Since April 23rd, NASA Mars exploration rover Spirit as been lodged in a site on Mars scientists call “Troy”. Beginning on November 16th, NASA will begin transmitting commands to Spirit as part of an escape plan to free the venerable robot from its Martian sand trap.
NASA's Mars Reconnaissance Orbiter has revealed frozen water hiding just below the surface of mid-latitude Mars. The spacecraft's observations were obtained from orbit after meteorites excavated fresh craters on the Red Planet.
Scientists controlling instruments on the orbiter found bright ice exposed at five Martian sites with new craters that range in depth from approximately 1.5 feet to 8 feet. The craters did not exist in earlier images of the same sites. Some of the craters show a thin layer of bright ice atop darker underlying material.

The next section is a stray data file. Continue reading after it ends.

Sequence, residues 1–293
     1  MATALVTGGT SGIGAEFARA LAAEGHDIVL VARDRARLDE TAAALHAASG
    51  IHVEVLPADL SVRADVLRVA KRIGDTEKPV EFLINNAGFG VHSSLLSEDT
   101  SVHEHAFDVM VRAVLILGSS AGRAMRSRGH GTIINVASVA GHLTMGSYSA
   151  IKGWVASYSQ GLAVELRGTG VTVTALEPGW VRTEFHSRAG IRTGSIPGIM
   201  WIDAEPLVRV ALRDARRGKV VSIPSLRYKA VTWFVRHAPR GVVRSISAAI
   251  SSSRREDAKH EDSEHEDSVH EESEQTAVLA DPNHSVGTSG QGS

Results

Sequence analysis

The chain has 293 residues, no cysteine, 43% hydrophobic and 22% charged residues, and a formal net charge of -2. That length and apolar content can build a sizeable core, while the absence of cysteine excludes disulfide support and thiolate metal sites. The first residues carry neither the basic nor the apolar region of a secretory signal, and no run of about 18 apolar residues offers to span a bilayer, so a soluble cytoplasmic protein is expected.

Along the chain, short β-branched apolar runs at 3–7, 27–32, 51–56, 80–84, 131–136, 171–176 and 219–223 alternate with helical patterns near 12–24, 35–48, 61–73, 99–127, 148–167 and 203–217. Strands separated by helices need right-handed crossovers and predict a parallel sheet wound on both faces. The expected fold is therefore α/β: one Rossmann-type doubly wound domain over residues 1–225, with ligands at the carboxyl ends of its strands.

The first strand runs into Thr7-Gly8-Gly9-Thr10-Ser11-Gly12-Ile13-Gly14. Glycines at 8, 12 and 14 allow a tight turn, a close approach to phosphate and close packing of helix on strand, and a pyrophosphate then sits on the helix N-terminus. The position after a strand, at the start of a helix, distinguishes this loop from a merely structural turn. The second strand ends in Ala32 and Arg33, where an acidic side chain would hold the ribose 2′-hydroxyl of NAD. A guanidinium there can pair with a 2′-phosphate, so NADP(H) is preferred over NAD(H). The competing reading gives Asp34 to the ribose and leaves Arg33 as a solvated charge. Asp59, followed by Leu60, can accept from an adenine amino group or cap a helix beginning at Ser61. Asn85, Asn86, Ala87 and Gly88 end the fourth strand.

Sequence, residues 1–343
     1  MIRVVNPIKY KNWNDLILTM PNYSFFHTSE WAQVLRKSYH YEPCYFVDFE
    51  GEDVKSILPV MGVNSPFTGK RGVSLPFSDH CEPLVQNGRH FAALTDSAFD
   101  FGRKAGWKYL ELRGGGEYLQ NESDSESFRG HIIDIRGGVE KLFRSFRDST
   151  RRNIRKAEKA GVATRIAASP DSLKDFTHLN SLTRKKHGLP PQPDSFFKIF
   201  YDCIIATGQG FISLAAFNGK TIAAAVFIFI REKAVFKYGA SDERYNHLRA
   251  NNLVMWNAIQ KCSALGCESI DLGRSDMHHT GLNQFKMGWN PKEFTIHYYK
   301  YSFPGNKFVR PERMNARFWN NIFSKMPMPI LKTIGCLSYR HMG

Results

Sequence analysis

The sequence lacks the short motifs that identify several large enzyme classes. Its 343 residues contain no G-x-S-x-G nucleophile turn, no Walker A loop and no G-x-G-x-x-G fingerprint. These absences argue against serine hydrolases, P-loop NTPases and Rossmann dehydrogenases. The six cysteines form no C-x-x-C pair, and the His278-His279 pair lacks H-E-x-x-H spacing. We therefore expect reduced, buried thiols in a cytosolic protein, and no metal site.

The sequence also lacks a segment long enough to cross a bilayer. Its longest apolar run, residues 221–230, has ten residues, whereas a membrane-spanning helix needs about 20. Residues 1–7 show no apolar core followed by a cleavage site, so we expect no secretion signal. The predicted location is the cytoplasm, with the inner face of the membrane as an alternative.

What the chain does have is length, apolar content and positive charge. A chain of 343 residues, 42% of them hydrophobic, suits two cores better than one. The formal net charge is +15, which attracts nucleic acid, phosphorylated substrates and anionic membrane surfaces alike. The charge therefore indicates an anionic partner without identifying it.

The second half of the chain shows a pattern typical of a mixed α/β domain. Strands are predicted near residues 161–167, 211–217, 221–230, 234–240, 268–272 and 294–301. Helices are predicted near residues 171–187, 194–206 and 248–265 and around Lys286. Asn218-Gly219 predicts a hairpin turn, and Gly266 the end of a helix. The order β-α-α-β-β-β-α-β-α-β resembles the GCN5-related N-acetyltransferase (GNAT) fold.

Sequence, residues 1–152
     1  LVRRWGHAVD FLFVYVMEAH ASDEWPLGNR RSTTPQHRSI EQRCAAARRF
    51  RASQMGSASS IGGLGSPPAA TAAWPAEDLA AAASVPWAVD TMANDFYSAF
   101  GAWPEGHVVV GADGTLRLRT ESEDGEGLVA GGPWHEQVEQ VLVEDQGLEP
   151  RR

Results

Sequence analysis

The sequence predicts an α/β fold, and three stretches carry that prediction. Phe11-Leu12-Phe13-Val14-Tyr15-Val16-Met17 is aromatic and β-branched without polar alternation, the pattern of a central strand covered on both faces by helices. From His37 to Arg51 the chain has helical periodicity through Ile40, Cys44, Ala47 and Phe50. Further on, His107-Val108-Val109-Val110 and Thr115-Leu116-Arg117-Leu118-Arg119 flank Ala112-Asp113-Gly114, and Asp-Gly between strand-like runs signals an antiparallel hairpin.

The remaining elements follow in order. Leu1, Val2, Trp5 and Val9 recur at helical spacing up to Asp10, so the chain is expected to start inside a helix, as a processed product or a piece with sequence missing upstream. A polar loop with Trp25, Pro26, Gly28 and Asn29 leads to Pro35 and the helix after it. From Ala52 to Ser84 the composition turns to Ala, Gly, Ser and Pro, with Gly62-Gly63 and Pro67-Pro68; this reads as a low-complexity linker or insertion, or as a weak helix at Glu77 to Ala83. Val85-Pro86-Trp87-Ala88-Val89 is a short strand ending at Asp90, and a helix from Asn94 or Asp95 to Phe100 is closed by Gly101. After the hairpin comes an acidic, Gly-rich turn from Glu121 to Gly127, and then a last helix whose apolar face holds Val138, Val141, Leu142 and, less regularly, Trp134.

NASA's Mars Rover Opportunity is investigating a metallic meteorite the size of a large watermelon that is providing researchers more details about the Red Planet's environmental history.
The rock, dubbed "Block Island," is larger than any other known meteorite on Mars. Scientists calculate it is too massive to have hit the ground without disintegrating unless Mars had a much thicker atmosphere than it has now when the rock fell. Atmosphere slows the descent of meteorites. Additional studies also may provide clues about how weathering has affected the rock since it fell.
WASHINGTON -- NASA's Mars Science Laboratory rover, scheduled for launch in 2011, has a new name thanks to a sixth-grade student from Kansas. Twelve-year-old Clara Ma from the Sunflower Elementary school in Lenexa submitted the winning entry, "Curiosity." As her prize, Ma wins a trip to NASA's Jet Propulsion Laboratory (JPL) in Pasadena, Calif., where she will be invited to sign her name directly onto the rover as it is being assembled.
A NASA panel selected the name following a nationwide student contest that attracted more than 9,000 proposals via the Internet and mail.